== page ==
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Four Shot at Oregon Scientology Center

September 26, 1996 GMT

PORTLAND, Ore. (AP) _ A man who blamed his business problems on the Church of Scientology shot four people at a downtown branch and started a fire with a can of gasoline, authorities said.

Jairus C. Godeka, 38, who was under court order not to have any contact with the church, surrendered after walking out with a female hostage who was heard shouting: ``Don’t do anything. He’s got a gun to my head.″

Police talked Godeka into releasing the woman unharmed and dropping his gun.

Another woman, who is at least four months pregnant, was shot in the shoulder and hospitalized in critical condition. Firefighters found church worker Helen Burke, 44, hiding in a stairwell.

The center’s executive director was in fair condition with a wound to his right side and another man was in serious condition with a wound to his chest. The fourth victim was treated for a wound to his buttocks and released.

Firefighters quickly put out the blaze, which did not cause serious damage. The man had carried a 1-gallon can of gas and ignited the floor near a reception desk.

Godeka was arrested on charges of attempted aggravated murder, arson, kidnapping, assault and burglary. The church, however, denounced it as a hate crime.

``There’s a lesson here, and the lesson is about the damage religious hate mongers cause,″ said a statement issued by the church’s Los Angeles office.

Godeka, originally from Kenya, is a legal resident of the United States with a record for crimes including drunken driving and minor thefts dating back to 1984, police Lt. Cliff Madison said.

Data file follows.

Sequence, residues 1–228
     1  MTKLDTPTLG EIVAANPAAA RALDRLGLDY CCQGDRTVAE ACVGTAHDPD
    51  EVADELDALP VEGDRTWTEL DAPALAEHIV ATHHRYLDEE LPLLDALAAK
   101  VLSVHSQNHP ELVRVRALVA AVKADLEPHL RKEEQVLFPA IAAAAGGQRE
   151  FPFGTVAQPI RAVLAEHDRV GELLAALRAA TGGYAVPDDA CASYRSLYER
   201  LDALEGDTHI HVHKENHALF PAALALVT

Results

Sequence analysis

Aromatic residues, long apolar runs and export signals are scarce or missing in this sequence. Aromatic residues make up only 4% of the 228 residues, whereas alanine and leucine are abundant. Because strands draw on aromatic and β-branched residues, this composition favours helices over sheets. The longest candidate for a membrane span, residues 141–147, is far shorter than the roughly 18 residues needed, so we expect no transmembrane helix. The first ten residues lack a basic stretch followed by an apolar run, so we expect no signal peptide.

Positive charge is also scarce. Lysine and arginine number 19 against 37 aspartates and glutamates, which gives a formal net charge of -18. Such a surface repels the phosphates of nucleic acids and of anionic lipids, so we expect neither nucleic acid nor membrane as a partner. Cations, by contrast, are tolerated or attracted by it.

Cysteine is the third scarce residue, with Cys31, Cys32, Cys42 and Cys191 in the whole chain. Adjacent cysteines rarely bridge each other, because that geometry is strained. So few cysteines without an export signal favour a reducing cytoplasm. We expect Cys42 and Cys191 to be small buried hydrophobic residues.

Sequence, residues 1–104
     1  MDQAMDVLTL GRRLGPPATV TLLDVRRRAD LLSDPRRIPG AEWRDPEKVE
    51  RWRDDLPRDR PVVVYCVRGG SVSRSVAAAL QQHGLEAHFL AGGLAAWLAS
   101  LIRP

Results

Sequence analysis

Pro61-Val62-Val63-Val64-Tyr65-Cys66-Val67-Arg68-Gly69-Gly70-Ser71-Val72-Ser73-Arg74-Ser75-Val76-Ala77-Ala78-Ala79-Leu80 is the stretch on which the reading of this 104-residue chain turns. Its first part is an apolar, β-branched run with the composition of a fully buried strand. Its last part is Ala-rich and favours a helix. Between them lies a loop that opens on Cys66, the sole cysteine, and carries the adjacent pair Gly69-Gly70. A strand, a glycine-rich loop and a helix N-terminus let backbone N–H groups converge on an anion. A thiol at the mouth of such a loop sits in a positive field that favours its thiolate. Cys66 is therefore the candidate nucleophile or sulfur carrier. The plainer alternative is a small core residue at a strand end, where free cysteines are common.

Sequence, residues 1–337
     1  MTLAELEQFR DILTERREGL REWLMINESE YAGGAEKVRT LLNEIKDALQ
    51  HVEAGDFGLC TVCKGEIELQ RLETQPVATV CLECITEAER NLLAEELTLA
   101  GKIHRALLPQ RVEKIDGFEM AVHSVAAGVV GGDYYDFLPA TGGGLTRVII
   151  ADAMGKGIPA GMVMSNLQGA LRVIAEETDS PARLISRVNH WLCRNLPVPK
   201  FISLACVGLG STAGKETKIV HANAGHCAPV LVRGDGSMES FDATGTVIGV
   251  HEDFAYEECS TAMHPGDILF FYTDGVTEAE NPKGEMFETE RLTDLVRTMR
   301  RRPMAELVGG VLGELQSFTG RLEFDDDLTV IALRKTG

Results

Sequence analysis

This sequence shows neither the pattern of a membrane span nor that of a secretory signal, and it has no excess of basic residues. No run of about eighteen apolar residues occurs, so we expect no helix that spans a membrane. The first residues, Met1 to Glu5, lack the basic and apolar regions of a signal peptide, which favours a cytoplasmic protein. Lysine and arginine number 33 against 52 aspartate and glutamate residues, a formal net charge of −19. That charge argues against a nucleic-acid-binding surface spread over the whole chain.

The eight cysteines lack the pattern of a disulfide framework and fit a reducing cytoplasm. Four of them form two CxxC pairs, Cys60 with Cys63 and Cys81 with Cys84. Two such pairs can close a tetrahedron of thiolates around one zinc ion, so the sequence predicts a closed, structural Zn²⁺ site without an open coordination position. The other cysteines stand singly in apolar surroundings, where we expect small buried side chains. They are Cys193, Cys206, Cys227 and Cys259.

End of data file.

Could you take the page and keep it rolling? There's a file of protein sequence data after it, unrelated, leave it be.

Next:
He had run-ins with the downtown branch in 1994 and again last February, when he demanded $50,000 and threatened to shoot everyone in the church, said Karin Pouw, a church spokeswoman in Los Angeles.

``It was the typical ranting of a psychotic,″ Pouw said, adding that Godeka was not a church member.

Godeka was convicted of attempted coercion for threatening the church in February. He was sentenced to 10 days in jail, and ordered not to have any contact with the church as a condition of his probation.

He apparently had once taken the church’s personality test and bought some Scientology books, Burke told police after the threats in February. For some reason, he blamed his business problems on the church, police quoted her as saying.

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Founded 40 years ago by science fiction writer L. Ron Hubbard, Scientology teaches that technology can expand the mind and help solve human problems. Hubbard died in 1986 at the age of 74.

The church claims as adherents a number of celebrities, including John Travolta, Tom Cruise, Anne Archer and Chick Corea.